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After the Elections

Zimbabwe at the Crossroads

Julius Dawu, World Press Review correspondent, Harare, Zimbabwe, April 18, 2002

Morgan Tsvangirai
Opposition leader Morgan Tsvangirai at a press conference on March 19, 2002 (Photo: AFP).   
On April 18, Zimbabwe celebrated 22 years of independence amid fears for the country’s future. Talks aimed at reconciling Zimbabwe’s ruling party, the Zimbabwe African National Union-Patriotic Front (ZANU-PF) with the largest opposition party, the Movement for Democratic Change (MDC), after a hotly disputed election have suffered a bad start. The outcome of the talks will determine Zimbabwe’s fate for years to come. Many fear that if the two parties do not come to a mutually acceptable agreement, the country’s next 22 years will be marked by conflict and strife.

Opinion in the streets of Harare and on the pages of Zimbabwe’s press indicates the talks could go either way. They could foster constructive conversations that will reopen the spigot of foreign aid suspended after the election, or they could deteriorate into dead dialogue. Facilitators of the talks, South Africa and Nigeria, hope the meetings will help turn around the country’s economic and political fortunes. But pessimists in Zimbabwe and abroad dismiss the dialogue as a ZANU-PF monologue and a waste of time.

Zimbabwe, a former investment crown jewel in Southern Africa, is now a pariah state facing international isolation after Robert Mugabe’s disputed victory in last month’s elections. International organizations have backed calls for a unity government. But the ZANU-PF and the MDC have not yet agreed to put such a government on the talks’ agenda, and are certainly a long way from any agreement on what the contours of such a government might be.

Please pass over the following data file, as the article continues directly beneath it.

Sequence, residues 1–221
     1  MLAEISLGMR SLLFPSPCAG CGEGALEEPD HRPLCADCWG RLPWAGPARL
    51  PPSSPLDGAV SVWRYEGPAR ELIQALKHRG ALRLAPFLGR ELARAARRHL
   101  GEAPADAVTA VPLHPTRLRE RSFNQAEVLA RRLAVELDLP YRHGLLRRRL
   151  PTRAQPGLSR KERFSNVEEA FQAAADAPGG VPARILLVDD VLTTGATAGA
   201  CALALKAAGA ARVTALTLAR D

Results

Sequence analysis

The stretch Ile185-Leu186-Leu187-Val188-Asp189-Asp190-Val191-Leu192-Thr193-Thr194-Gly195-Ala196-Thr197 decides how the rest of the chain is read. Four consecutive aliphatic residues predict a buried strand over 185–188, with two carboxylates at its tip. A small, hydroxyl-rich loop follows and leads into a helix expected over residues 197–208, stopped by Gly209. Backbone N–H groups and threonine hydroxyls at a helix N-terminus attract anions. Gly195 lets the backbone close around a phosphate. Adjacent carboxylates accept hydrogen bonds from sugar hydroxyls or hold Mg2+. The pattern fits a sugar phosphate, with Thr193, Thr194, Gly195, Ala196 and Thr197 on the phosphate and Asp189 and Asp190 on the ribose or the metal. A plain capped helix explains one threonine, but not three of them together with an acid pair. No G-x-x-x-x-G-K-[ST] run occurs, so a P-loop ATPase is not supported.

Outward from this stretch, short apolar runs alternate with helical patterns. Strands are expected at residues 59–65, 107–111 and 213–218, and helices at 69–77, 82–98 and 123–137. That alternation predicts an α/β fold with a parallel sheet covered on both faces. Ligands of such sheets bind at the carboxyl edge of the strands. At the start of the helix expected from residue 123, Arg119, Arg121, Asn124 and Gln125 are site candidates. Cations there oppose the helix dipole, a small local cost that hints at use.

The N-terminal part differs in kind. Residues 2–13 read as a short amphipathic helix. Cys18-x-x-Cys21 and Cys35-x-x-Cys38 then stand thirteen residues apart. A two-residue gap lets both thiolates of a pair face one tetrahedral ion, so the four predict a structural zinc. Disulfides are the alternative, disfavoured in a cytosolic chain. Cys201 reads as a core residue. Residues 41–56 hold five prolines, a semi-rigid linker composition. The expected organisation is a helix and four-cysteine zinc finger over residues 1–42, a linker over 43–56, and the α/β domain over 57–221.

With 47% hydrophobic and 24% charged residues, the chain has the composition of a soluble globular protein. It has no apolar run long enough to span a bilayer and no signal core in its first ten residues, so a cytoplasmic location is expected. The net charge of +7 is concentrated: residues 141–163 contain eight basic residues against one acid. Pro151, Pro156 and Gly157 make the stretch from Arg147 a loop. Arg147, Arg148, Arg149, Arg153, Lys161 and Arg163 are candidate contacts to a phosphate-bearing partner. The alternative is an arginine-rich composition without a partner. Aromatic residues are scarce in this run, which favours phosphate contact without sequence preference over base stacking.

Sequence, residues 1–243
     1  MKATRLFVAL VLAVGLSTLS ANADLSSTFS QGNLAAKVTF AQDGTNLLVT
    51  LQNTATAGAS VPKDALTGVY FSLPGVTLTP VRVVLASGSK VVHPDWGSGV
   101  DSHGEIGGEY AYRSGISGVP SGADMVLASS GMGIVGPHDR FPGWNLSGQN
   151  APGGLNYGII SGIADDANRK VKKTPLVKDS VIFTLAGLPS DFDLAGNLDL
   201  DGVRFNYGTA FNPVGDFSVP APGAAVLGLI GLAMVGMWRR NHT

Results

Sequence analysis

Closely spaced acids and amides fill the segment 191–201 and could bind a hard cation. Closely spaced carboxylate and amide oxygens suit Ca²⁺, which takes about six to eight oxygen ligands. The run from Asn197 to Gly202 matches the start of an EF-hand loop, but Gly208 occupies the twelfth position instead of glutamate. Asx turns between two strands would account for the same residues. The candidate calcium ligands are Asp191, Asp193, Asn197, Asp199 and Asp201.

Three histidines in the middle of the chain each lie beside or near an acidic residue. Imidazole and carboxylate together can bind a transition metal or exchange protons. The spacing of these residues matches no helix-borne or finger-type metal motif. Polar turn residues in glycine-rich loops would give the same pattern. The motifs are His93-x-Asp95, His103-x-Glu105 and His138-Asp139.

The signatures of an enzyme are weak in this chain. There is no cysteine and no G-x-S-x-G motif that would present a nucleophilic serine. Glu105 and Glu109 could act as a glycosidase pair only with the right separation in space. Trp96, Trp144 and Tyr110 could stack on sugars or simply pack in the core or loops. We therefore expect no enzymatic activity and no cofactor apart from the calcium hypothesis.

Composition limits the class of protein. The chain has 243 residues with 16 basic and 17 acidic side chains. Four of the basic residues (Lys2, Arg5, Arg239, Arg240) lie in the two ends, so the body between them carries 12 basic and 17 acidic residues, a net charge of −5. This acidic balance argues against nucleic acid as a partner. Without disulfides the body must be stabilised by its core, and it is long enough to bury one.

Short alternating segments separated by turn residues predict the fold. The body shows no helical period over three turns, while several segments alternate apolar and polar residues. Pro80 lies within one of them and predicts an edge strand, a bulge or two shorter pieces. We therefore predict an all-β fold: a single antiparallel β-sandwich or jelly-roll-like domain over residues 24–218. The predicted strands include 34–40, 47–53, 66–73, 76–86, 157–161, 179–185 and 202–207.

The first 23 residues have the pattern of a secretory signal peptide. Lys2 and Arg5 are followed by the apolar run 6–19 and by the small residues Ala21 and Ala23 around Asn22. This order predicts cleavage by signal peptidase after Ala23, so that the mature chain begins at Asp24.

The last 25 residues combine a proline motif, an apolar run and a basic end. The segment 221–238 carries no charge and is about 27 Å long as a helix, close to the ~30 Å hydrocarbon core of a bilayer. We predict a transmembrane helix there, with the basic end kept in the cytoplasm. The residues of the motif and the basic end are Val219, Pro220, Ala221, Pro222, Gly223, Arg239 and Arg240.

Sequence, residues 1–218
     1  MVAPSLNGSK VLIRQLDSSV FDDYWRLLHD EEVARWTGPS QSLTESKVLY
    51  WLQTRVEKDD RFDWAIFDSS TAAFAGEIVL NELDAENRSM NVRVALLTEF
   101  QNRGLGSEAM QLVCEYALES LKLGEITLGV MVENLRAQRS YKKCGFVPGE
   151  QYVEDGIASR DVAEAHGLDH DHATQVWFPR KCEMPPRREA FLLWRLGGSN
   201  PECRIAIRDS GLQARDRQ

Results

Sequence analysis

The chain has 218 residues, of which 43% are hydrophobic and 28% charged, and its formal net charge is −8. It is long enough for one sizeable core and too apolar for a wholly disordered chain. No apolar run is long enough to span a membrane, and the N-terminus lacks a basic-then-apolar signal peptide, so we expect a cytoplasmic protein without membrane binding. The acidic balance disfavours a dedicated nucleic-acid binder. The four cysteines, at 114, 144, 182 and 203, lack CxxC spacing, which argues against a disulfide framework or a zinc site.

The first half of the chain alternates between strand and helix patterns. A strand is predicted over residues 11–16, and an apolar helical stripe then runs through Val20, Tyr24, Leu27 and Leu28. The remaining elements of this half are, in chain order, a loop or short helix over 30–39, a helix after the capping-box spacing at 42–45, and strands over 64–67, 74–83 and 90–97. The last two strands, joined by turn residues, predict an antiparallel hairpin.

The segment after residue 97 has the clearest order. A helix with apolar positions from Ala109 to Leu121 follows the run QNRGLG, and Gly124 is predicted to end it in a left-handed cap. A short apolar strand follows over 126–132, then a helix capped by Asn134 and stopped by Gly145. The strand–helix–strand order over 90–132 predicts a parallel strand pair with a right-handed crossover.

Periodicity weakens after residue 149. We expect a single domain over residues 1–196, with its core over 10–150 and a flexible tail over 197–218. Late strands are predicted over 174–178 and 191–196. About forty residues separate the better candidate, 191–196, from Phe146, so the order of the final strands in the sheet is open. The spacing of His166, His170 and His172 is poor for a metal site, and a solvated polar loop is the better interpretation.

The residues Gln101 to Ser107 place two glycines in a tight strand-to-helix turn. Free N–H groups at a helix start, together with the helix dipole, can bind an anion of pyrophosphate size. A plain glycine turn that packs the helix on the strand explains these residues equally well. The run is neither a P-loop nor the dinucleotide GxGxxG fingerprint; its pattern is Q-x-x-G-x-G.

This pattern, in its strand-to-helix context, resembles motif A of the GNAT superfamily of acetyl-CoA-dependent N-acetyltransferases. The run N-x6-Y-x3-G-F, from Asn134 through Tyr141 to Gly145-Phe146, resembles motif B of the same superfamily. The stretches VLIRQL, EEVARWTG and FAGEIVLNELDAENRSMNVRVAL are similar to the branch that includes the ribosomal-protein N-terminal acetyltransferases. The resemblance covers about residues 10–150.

The MDC insists that the election was conducted unfairly and must be conducted again. The ZANU-PF steadfastly refuses to consider the idea. Yet MDC leader Morgan Tsvangirai told a rally on April 14 that his party was in the talks mainly to ask for new elections. The talks have been adjourned until May 13 to give time for each party to agree on an agenda. Observers here speculate that the agenda might include limitations on Mugabe’s tenure, the restoration of law and order, and the preservation of national sovereignty. ZANU-PF has indicated it will not negotiate with an unpatriotic opposition and will not consider changing laws or the constitution at the talks. Who then will compromise?

Harare’s government-owned Chronicle (April 11, 2002) dismissed Tsvangirai’s call for a re-election, blaming him for using donor money to destroy the national economy and make Zimbabwe ungovernable. "We are convinced that if there was no donor money to squander for the likes of Morgan Tsvangirai, Zimbabwe would not be facing the problems it faces today," the paper’s editors explained. "Now there is stupid talk about an election rerun when MDC officials know clearly that their party lost because it failed to channel funds toward the presidential campaign."

Even the opposition weekly Zimbabwe Independent criticized the MDC for not making its position sufficiently clear. In an April 12 editorial headlined, "It’s time for the MDC to spell things out," the weekly asked why the ruling party was bothering with the talks if it has more to lose than to gain. "This is the heart of the matter. There can be no lasting solution to the problem of political crime if the thief is allowed to keep his stolen goods…. Zimbabweans want real democracy, not the fake version ZANU-PF is hawking.… It is essential these talks not be used by ZANU-PF to hold international doors open. The MDC must impose a strict timeframe, articulate its democratic goals, and decline to be co-opted by an utterly discredited regime."